Vanessa Lopez: ASC Who Art Miami 2020

“I believe the artwork of contemporary artists should be a mirror through which society can see its reality re-interpreted and, in the best case, by which it can right itself.”

Rhea Leonard
“The Herald (2019)” by Rhea Leonard. Photo courtesy of Rhea Leonard.


Photo by Vanessa Lopez/CC BY 4.0.

Vanessa Lopez is a sophomore majoring in English Education at Florida International University. Having a passion for literature and academia, she hopes to be an English professor. She is currently a Desk Assistant for FIU Housing. As a part of Art Society Conflict, she is looking forward to being exposed to unfamiliar areas of history and art.


Portrait of Rhea Leonard. Photo by Melanie Metz.

Rhea Leonard (b. 1991) is an African American artist born and raised in Miami, Florida. While she specializes in drawing, Leonard also utilizes sculpture and printmaking in her work. Through her work, she places an emphasis on the black body and addressing social injustices.

Leonard went to Design and Architecture Senior High (D.A.S.H.), a magnet high school located in Miami’s Design District. In 2010, she studied a semester at the Emily Carr University of Art and Design in Vancouver, BC, Canada. Here, she learned intaglio printmaking. In 2014, she finished her BFA at New World of School of Arts in Downtown Miami. Afterwards, she went on to earn her MFA at Florida International University (FIU) in 2018.

Leonard’s pieces have been on display at Bridge Red Studios, The Art and Culture Center of Hollywood, Art Africa Miami, as well as RAW Popup. In 2018, she became a Betty Laird Perry Award recipient. In the same year, she began her residency at The Bakehouse Art Complex in Wynwood.


“Skinfolk (2019)” by Rhea Leonard. Photo courtesy of Rhea Leonard.

When asked about any personal experiences that helped shape her work, Leonard talked about her experience transitioning from undergraduate to graduate school. “I had gone through a rather discouraging time during my undergraduate days in regard to my artwork,” she said. “I had just begun exploring my identity and what impact that had on me and it started showing up in my artwork.”Because of the lack of resources and experience, Leonard couldn’t challenge these opinions. 

Despite the discoragement towards exploring her identity, Leonard pursued her MFA at FIU. Here, she met her professor, William Burke, who she cited as one of the many key figures during her academic career. She had conversations with him regarding her undergraduate experience, to which he gave her encouragement. “From there, I created my drawing Tituba (2016), and it set me on the path I’m on today,” she wrote.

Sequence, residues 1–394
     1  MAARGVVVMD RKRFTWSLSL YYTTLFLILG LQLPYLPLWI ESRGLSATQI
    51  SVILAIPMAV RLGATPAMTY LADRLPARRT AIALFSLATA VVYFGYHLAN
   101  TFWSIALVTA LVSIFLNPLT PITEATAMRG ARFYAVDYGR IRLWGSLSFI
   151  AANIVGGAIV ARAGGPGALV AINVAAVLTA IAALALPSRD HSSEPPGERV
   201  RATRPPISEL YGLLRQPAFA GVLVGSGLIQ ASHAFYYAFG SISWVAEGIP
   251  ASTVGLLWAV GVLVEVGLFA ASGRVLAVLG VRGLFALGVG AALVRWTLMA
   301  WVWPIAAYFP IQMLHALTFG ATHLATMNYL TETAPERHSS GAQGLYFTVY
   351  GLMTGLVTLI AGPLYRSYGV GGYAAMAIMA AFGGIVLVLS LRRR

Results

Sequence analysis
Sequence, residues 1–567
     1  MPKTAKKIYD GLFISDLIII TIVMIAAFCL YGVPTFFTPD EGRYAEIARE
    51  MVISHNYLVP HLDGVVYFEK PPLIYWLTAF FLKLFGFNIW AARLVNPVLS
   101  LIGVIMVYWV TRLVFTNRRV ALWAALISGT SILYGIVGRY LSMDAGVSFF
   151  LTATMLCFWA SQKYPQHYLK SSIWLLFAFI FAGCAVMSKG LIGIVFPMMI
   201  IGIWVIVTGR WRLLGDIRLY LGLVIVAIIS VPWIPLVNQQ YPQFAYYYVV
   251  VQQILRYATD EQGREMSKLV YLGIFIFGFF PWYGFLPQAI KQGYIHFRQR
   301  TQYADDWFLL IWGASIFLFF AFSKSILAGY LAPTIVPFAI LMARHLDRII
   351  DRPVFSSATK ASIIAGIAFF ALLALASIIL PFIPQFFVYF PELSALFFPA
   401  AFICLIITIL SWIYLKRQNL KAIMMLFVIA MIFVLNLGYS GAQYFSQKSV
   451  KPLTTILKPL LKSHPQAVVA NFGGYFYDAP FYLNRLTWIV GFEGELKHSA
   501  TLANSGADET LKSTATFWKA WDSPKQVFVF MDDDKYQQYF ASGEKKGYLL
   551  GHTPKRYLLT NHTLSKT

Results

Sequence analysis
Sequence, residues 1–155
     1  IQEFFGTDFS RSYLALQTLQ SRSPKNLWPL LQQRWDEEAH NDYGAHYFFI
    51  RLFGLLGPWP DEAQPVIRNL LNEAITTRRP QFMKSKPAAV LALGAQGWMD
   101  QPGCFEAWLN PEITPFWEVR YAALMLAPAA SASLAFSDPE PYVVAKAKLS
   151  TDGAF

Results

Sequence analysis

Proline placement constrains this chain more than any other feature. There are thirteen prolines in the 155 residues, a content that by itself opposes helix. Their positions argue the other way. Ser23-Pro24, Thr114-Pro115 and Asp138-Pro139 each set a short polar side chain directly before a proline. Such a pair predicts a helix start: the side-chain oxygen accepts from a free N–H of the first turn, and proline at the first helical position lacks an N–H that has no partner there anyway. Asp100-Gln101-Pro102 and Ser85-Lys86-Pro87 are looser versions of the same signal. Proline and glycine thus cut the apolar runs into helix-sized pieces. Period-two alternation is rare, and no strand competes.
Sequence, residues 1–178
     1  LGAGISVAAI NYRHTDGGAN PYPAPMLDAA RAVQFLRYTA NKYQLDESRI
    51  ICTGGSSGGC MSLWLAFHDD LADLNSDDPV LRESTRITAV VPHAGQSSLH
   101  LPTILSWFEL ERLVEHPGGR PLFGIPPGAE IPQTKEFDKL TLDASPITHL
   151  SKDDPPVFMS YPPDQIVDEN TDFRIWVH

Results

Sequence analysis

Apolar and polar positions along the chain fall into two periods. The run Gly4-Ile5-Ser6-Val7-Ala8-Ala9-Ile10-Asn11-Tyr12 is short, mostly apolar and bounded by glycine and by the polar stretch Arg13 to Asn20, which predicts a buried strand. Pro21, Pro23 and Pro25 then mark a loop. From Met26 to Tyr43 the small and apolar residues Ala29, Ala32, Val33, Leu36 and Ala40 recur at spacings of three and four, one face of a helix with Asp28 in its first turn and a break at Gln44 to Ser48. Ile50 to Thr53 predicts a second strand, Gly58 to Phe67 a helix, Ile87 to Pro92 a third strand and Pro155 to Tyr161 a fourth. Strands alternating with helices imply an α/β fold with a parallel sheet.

“Tituba (2016)” by Rhea Leonard. Photo courtesy of Rhea Leonard.

The critiques that Leonard received ended up shaping her current work, such as “lack of color” and “blatant representation of black features.” Leonard told me her experience made her more persistent in delivering her message. “I endured numerous, bad faith questioning about my artwork during my developmental phase,” she said. “This made me explicit, to a degree, about what my work is about so others would not be comfortable twisting, imposing or erasing the meaning behind my work due to it being on display in each and every one of my works in some way.”


“The Machinations of Self Love in the Age of Racial Violence (2019)” by Rhea Leonard. Photo courtesy of Rhea Leonard.

As an African American, cultural identity is something important to Leonard as an artist. In fact, it’s the centerpiece of her artwork. “I keep my ancestors in my thoughts at all times as I make my artwork because without determination to survive despite the inhumane treatment and torture that visited upon them, I wouldn’t be able to do what I do today,” she says. There’s a clear influence of her culture weaved into her pieces. 

“Community (2018)” by Rhea Leonard. Photo courtesy of Rhea Leonard.

For instance, there’s her sculpture, “Community (2018),” which is a way of honoring her ancestral ties. Through this piece, Leonard addresses the African Diaspora, a term to describe the separation of African people during the Transatlantic Slave Trades. In this piece, everything is connected and unbroken, and each jaw represents a life lost to cruelty. Such a work is meant to honor all those lives.